Visit Sant’Agnese in Agone and Enjoy Music in Bernini’s Rome:
In the heart of historic Rome is Piazza Navona, one of the city’s most beautiful Baroque piazzas. One of the impressive buildings that make up Piazza Navona’s Baroque architecture is Sant’Agnese in Agone.
Sant’Agnese in Agone is a church dedicated to St Agnes, a young girl who became a martyr in AD304. There are many versions of stories in regard to her martyrdom, some rather gory, but given the period of her martyrdom none of the legends has been verified. Sant’Agnese in Agone stands on the site where it is believed that St Agnese died.
The Pamphili Family Church
Sant’Agnese in Agone was built in the mid-17th century under the patronage of Pope Innocent X. Adjacent to Sant’Agnese in Agone is the Palazzo Pamphili, residence of the Pamphili family. Sant’Agnese in Agone became the Pamphili family chapel and there was even an opening formed in the drum of the dome so that the family could take part in religious services from their palace.
A number of architects were involved in the construction of Sant’Agnese in Agone, starting with Girolamo Rainaldi (a Pamphili family architect) and his son Carlo. They were replaced by Borromini and later on Bernini was commissioned to take over. Bernini’s much-admired Fountain of the Four Rivers is in front of the church.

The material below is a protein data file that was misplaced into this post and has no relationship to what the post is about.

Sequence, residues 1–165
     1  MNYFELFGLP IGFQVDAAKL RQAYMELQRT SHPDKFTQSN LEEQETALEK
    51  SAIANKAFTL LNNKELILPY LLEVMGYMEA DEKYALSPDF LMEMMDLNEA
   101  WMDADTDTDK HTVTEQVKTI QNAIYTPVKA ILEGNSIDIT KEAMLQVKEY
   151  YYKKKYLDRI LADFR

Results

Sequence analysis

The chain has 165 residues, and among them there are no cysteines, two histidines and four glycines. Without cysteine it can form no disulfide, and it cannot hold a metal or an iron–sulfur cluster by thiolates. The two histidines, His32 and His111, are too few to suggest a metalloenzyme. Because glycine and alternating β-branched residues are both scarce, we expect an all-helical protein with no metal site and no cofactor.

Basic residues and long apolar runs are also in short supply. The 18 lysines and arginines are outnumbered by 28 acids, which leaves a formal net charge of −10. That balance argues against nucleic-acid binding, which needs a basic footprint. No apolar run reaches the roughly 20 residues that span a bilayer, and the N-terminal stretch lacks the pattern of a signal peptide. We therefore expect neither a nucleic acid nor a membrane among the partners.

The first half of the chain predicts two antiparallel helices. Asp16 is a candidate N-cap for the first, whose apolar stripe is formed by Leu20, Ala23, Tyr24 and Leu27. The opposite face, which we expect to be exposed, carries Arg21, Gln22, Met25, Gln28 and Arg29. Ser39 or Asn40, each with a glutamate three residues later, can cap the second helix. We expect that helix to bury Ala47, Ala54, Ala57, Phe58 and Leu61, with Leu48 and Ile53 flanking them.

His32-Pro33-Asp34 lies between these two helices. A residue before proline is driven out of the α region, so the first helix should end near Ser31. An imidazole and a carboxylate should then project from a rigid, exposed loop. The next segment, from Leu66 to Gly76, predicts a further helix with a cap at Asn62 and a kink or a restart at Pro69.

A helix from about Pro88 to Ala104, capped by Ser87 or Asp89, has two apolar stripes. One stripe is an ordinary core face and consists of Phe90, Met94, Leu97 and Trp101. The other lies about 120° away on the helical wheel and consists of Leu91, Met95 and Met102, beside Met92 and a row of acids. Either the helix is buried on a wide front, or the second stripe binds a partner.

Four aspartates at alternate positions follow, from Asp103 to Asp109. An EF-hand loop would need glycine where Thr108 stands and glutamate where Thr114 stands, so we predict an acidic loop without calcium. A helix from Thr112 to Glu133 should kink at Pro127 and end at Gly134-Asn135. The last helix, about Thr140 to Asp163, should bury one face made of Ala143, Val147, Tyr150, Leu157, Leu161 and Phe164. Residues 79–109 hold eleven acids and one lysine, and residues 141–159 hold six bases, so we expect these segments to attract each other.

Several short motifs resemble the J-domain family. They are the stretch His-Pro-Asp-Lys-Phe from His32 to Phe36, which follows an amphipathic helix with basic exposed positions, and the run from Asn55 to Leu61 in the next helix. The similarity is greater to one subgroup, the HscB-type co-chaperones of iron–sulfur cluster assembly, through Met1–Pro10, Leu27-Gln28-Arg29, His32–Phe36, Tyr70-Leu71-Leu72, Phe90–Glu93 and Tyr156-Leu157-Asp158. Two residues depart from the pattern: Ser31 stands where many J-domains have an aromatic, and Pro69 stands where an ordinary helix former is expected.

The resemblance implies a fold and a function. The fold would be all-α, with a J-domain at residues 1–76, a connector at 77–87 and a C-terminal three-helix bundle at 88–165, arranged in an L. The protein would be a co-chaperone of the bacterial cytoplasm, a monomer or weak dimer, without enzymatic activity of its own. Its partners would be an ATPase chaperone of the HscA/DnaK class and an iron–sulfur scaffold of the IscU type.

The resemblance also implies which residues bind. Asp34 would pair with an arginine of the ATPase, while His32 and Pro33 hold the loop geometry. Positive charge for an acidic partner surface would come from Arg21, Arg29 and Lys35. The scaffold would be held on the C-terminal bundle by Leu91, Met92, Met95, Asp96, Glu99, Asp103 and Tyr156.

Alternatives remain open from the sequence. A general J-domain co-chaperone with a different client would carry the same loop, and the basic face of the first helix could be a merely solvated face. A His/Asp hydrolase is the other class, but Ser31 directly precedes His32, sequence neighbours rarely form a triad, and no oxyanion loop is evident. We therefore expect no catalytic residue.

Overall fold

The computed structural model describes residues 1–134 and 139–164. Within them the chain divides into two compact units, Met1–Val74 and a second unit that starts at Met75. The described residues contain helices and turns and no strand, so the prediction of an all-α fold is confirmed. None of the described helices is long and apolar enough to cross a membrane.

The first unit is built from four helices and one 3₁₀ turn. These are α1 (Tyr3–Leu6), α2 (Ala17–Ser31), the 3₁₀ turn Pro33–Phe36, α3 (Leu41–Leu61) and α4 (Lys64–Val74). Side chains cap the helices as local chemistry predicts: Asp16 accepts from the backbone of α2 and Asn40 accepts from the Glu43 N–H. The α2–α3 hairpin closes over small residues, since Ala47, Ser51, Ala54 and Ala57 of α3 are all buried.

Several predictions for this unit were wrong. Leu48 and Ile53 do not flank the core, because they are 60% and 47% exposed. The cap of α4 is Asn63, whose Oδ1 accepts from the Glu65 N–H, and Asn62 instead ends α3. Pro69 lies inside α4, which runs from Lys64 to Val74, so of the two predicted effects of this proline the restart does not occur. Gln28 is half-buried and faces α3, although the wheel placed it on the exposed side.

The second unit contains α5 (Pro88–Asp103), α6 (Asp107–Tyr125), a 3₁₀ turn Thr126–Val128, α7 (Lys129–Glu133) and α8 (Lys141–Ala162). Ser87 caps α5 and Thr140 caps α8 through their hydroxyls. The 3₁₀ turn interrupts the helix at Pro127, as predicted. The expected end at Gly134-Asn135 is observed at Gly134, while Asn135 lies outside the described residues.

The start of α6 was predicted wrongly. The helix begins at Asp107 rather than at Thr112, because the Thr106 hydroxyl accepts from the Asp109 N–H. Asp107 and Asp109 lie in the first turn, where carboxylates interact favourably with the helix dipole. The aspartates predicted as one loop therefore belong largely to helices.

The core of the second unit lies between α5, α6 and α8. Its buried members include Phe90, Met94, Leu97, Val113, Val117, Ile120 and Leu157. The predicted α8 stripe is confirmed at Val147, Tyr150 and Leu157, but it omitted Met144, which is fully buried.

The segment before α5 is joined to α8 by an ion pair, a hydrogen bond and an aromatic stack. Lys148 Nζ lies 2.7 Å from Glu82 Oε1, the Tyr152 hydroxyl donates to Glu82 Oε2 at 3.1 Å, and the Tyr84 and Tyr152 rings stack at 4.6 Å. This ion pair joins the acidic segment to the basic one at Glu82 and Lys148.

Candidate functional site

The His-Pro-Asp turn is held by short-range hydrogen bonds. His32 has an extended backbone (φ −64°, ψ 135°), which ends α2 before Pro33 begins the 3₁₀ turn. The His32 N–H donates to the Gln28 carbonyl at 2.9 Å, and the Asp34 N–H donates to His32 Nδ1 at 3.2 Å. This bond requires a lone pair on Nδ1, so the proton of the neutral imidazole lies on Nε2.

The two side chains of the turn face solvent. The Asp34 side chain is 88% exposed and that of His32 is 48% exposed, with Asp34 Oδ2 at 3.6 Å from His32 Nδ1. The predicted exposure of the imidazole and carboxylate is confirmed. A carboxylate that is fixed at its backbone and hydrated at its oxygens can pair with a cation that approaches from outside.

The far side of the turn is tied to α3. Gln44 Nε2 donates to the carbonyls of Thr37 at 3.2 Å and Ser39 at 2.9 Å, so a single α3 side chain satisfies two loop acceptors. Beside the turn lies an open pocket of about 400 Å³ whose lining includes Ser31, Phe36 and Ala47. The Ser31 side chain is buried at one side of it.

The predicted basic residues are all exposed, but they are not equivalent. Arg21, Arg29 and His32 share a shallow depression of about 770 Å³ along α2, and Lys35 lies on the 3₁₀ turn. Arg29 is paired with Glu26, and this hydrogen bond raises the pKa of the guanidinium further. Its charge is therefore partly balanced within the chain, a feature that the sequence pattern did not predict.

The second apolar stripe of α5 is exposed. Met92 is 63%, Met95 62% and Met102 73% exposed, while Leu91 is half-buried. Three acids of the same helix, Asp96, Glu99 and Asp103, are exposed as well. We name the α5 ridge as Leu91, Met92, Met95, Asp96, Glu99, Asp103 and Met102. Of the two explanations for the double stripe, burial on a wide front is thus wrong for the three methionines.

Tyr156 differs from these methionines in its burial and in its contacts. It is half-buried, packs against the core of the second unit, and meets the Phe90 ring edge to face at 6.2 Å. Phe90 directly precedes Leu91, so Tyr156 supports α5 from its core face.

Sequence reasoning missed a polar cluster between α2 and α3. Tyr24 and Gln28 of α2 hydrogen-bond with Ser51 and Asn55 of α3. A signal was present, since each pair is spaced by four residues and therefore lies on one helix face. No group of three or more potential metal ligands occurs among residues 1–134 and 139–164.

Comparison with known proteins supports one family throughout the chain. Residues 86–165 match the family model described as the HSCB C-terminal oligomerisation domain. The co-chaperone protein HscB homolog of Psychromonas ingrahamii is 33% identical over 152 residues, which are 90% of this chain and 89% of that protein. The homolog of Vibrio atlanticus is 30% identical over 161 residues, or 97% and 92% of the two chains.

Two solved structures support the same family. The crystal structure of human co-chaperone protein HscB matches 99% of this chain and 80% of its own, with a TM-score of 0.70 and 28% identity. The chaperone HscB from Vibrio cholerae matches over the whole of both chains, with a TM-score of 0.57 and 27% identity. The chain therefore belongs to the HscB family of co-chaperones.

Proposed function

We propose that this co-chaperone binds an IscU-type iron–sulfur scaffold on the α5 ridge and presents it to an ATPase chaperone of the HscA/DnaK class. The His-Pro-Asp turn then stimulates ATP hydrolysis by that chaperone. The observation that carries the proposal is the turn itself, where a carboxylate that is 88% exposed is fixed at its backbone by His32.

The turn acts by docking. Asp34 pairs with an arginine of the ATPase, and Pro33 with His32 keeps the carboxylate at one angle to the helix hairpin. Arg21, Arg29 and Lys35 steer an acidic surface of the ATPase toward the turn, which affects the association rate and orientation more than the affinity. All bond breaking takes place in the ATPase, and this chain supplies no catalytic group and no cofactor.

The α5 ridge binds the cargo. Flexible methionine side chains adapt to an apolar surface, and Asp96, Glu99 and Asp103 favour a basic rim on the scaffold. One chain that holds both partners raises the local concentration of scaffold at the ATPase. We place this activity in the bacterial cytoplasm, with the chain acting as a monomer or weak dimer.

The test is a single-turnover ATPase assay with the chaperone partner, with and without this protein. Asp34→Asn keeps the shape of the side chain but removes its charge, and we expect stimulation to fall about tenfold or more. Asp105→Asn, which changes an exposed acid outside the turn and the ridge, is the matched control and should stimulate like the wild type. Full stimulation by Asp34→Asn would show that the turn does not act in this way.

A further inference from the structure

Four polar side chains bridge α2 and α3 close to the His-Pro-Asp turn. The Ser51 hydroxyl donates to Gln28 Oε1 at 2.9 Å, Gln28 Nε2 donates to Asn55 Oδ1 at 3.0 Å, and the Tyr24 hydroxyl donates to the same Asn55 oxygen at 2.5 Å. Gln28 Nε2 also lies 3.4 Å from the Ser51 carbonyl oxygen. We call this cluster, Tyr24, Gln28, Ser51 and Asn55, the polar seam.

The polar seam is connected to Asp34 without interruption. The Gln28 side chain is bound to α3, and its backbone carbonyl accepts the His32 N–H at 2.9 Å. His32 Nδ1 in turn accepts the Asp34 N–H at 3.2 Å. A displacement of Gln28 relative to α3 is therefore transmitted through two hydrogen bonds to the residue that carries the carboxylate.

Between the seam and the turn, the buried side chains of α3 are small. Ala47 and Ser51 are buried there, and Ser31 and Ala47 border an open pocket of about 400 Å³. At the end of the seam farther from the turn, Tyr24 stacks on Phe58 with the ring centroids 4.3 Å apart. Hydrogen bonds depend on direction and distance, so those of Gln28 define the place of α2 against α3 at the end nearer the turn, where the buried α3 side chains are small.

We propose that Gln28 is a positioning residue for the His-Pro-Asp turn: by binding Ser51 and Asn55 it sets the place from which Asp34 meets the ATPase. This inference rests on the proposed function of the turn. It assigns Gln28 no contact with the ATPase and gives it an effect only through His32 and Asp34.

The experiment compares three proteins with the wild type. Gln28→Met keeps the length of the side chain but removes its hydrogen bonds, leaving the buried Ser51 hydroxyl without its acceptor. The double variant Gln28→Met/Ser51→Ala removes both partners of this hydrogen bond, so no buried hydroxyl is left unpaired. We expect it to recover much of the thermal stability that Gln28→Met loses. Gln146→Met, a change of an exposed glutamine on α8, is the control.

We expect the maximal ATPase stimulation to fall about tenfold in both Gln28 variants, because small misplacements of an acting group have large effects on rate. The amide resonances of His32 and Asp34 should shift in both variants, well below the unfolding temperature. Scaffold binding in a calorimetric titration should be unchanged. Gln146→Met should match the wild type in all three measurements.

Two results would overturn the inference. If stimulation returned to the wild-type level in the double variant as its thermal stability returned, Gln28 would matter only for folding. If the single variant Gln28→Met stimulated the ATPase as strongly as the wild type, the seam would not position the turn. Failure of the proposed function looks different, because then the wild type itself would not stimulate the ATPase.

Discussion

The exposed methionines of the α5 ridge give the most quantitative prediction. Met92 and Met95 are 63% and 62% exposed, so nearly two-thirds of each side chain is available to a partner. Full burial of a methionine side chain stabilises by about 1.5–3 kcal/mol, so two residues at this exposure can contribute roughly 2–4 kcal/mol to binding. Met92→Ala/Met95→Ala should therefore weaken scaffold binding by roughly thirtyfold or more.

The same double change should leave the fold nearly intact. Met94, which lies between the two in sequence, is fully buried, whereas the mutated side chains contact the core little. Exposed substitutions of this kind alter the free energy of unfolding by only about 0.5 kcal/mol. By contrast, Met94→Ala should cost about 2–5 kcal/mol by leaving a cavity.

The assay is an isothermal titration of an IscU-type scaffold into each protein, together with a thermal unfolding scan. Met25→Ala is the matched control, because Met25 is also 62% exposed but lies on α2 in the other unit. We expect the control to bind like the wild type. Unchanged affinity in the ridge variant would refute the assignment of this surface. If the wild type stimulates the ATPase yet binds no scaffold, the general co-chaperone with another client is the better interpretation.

Music in Bernini’s Rome
The times we’ve been to Piazza Navona, Sant’Agnese in Agone was wrapped in scaffolding and it’s good to know that the church has now been returned to its original splendour. Sant’Agnese in Agone hosts the Music in Bernini’s Rome event where visitors can enjoy a tour of the church and then enjoy music by the great composers of Bernini’s time, including Frescobaldi, Monteverdi, Caccini, Falconieri and others.
Sant’Agnese in Agone
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